We shouldn’t be surprised if there’s a black market in vaccines the way there is already one for repurposed antiviral drugs like remdesivir. And just like the manufacturers are likely to win big, India’s poorer people are likely to lose big, as doses become concentrated in the hands of those who want it instead of those who need it. Such an outcome, which the Centre’s announcement supports, lies 180º from the government’s stated aim earlier this month.
The money problem
Funds to procure the vaccines pose another challenge for state governments. In the 2020-2021 Union budget, finance minister Nirmala Sitharaman said the government would allocate Rs 35,000 crore for the COVID-19 vaccination programme. T.V. Somanathan, the expenditure secretary in the finance ministry, has also said that this amount will cover the full cost of vaccinating 500 million Indians.
Aside from the prospect of a price war, vaccine expert and Christian Medical College professor Gagandeep Kang has provided another compelling reason to rethink making vaccines available for purchase in the free market. She has contended that the vaccines still only have ‘restricted’ or ’emergency use’ licenses, based on which the extent to which their safety and effectiveness has been assessed, as well as that no other country (except perhaps Russia) has allowed such vaccines to be sold on the free market.
Indian states’ health infrastructure is already crumbling under the increasing COVID-19 load. In these circumstances, expecting the state governments to manage the vaccination of people belonging to two different age groups via two independent processes of procurement and distribution is unreasonable.
States ruled by opposition parties have already criticised the government and accused it of abdicating its responsibilities. Even if one were to discount this to some extent as being politics as usual, the actions of the government do beg the question: how serious is it really about vaccinating Indians?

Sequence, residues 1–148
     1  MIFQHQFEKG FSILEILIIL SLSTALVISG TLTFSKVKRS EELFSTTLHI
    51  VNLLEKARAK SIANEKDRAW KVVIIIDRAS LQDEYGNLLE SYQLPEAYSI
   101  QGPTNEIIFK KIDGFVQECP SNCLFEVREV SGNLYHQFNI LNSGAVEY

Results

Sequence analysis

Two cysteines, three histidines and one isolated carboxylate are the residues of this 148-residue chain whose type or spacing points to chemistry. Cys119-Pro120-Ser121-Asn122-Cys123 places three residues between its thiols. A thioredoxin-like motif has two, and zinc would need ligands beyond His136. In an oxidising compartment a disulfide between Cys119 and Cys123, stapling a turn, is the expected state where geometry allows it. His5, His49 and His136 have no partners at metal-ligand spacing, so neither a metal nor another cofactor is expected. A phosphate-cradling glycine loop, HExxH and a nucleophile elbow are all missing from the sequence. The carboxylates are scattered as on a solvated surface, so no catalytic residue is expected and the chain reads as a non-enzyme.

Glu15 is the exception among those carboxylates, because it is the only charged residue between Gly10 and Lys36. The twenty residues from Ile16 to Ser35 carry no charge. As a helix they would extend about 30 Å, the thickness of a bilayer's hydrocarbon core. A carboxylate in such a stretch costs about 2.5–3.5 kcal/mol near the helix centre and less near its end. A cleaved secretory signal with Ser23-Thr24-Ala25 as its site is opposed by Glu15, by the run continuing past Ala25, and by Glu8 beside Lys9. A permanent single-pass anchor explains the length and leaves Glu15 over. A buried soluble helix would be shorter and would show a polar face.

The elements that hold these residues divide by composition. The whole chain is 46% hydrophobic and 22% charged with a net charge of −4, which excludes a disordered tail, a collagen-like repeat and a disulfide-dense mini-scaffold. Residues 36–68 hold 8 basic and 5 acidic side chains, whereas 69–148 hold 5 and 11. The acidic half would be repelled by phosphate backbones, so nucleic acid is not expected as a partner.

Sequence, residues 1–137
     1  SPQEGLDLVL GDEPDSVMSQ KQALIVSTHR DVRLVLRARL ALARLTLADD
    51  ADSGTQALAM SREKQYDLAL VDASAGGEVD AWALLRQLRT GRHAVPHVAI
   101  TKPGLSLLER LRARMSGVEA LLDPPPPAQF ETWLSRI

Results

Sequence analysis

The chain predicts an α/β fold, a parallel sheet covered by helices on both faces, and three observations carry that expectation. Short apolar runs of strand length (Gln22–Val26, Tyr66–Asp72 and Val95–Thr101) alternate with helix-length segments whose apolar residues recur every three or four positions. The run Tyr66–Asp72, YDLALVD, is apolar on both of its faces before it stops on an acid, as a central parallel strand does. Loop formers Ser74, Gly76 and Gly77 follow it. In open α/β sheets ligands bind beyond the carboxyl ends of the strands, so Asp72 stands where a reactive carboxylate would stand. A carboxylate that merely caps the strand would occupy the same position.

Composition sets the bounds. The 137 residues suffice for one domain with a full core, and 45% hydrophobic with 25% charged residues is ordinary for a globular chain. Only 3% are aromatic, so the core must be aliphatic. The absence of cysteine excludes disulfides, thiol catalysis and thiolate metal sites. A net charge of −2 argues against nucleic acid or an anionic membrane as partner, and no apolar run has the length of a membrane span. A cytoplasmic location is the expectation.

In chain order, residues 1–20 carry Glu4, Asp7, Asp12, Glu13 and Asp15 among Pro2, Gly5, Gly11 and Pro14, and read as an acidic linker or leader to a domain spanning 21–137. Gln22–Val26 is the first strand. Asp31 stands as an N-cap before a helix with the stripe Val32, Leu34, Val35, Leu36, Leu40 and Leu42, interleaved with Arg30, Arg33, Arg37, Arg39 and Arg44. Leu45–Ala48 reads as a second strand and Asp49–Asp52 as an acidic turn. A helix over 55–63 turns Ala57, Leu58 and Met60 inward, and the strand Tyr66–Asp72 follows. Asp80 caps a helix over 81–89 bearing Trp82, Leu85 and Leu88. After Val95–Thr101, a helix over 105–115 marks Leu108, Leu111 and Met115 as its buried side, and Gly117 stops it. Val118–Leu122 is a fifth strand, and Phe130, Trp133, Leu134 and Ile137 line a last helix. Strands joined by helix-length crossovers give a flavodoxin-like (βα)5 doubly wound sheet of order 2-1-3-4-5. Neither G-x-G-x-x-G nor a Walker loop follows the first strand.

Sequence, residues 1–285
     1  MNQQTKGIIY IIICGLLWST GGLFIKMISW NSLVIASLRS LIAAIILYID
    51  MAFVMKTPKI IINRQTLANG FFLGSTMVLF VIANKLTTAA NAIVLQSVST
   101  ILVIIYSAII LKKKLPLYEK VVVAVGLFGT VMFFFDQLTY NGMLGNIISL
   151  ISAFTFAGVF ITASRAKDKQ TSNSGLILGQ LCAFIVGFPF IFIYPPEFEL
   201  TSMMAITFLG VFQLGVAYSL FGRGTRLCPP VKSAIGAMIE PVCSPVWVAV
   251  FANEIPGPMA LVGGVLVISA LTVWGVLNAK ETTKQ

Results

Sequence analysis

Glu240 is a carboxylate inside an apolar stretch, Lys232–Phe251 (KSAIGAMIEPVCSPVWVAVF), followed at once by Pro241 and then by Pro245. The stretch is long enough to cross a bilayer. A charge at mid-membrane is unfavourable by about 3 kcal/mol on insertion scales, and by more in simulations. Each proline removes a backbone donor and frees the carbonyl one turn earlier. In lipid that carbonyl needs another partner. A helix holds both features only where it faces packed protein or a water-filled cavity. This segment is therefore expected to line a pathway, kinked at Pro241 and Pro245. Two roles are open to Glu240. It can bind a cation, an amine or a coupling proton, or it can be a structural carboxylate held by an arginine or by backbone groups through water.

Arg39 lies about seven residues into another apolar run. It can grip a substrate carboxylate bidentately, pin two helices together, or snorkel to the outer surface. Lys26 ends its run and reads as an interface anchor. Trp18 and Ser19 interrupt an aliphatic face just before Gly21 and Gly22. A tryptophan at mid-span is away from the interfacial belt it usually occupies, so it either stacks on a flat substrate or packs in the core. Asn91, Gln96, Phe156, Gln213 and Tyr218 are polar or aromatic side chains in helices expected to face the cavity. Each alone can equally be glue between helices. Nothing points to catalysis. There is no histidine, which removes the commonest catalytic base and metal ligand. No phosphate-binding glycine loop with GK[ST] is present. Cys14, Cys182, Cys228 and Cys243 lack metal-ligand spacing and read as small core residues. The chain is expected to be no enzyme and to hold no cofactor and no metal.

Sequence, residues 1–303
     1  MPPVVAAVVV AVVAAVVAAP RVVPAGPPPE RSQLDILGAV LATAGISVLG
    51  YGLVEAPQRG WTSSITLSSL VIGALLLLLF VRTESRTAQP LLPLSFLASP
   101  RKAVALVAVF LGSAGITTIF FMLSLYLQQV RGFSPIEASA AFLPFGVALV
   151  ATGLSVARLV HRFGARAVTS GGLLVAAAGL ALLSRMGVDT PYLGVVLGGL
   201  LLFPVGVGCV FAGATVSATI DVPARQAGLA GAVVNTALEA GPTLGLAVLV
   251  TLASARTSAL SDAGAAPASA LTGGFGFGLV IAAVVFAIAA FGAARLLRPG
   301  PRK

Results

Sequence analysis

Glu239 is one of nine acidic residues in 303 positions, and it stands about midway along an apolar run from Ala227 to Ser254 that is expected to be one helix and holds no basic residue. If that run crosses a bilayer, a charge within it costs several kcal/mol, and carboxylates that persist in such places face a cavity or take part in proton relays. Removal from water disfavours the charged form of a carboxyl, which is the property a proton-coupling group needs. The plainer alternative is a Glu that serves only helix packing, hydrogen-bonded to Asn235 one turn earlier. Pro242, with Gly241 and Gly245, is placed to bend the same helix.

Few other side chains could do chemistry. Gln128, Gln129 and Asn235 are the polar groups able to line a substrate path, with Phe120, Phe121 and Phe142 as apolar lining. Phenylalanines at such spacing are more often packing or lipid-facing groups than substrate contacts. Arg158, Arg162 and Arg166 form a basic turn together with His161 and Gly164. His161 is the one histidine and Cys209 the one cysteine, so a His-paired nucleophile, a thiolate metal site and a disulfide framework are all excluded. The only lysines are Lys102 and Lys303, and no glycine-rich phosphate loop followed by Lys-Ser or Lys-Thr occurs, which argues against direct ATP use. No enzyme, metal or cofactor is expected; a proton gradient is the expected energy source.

It’s inexplicable that in the second half of 2020, when countries in the west were scrambling to order vaccines for their people, the Indian government neither demonstrated the same urgency in booking capacities with manufacturers for potential vaccines nor discussed ways to enhance capacities in any meaningful way.
Throughout the COVID-19 crisis, in fact, the Government of India has exhibited a complacency on the back of its mistaken belief that India’s vaccine needs can be met by the indigenously manufactured vaccines alone.
With the novel coronavirus’s spread attaining frightening proportions in the country, the government has finally decided to hand over the responsibility of vaccinating young Indians to the states while hoarding all the power for itself. In effect, its latest announcement, in its big-bang approach and lack of thoughtful preparedness, is only reminiscent of Modi’s demonetisation and complete lockdown announcements in 2016 and 2020.
This isn’t to say that the Centre has a magic wand and can just order shots for all Indian arms – but it should make amends for its errors of governance in the last few months at least. Nothing else can improve our current situation.
First, the government should assume responsibility, along with the states, for vaccinating Indians. It should source vaccine supplies for India with a degree of urgency beyond what it has displayed thus far, and negotiate rates and quantities with potential suppliers. It should remember at all times that its word will carry far more heft with a manufacturer than that of any state government.
(Negotiations with Pfizer may be a good place to start since the company has already demonstrated its willingness to sell its vaccine in India.)
Second, the Centre should leave the details of the actual delivery schedule to a coordination panel comprising officials from the Centre and states. This panel should allocate the available stock equitably and transparently. The Centre should also monitor the panel’s activities, probe allegations of bias and nip these and similar problems in the bud.
Third, the government should step up to bear, say, half the purchase price for all vaccines intended for people younger than 45 years. The remaining half should be borne either by the state government or passed on to the people – a decision to be left to the states.
Overall, the Government of India should fairly treat – and should be seen to fairly treat – all state governments simply because that’s what India deserves at this time.
Neeta Sanghi has over three decades’ experience in managing pharmaceutical supply chains. She is currently working on a book about the industry.